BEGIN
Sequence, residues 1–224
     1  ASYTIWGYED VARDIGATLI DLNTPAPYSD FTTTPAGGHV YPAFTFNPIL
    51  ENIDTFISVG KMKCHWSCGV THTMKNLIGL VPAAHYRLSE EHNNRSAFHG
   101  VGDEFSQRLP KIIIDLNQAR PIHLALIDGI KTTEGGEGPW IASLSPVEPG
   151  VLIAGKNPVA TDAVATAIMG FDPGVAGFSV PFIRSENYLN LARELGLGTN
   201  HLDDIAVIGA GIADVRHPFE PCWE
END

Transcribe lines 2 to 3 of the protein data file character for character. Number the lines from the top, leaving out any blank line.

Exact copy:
     1  ASYTIWGYED VARDIGATLI DLNTPAPYSD FTTTPAGGHV YPAFTFNPIL
    51  ENIDTFISVG KMKCHWSCGV THTMKNLIGL VPAAHYRLSE EHNNRSAFHG